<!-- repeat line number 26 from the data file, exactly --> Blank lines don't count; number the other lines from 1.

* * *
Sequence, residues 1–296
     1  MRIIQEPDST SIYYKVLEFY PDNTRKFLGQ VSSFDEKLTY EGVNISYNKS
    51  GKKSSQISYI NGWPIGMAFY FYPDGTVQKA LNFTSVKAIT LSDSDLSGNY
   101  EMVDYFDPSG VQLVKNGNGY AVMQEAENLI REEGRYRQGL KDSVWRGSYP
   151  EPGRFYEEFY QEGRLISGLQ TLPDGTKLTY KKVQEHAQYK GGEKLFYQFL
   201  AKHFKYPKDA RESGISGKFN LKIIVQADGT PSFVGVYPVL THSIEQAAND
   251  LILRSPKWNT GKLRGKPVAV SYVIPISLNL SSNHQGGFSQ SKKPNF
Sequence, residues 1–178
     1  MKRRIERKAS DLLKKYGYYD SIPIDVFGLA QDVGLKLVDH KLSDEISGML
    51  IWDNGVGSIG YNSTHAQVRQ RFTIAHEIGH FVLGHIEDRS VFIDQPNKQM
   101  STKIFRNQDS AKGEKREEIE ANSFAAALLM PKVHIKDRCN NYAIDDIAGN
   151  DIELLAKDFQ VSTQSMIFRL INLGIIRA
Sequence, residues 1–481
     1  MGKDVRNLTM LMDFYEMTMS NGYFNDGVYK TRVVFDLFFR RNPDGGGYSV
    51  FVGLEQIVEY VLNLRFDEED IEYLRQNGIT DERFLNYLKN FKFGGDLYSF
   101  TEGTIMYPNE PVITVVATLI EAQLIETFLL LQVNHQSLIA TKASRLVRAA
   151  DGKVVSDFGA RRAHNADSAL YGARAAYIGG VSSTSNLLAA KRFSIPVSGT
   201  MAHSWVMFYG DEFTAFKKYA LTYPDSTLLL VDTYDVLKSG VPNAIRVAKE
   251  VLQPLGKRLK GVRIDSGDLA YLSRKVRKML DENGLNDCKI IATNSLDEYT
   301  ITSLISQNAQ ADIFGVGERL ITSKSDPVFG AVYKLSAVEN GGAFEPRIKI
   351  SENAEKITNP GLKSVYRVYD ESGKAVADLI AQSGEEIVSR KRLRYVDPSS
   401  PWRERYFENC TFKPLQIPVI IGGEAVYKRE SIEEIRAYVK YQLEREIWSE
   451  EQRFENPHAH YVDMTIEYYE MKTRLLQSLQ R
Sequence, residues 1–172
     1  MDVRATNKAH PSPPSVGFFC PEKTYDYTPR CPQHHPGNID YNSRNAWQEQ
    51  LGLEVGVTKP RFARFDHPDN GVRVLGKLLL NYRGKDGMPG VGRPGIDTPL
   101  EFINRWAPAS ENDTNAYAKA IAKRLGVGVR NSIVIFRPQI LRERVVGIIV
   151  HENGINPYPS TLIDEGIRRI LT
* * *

    51  LGLEVGVTKP RFARFDHPDN GVRVLGKLLL NYRGKDGMPG VGRPGIDTPL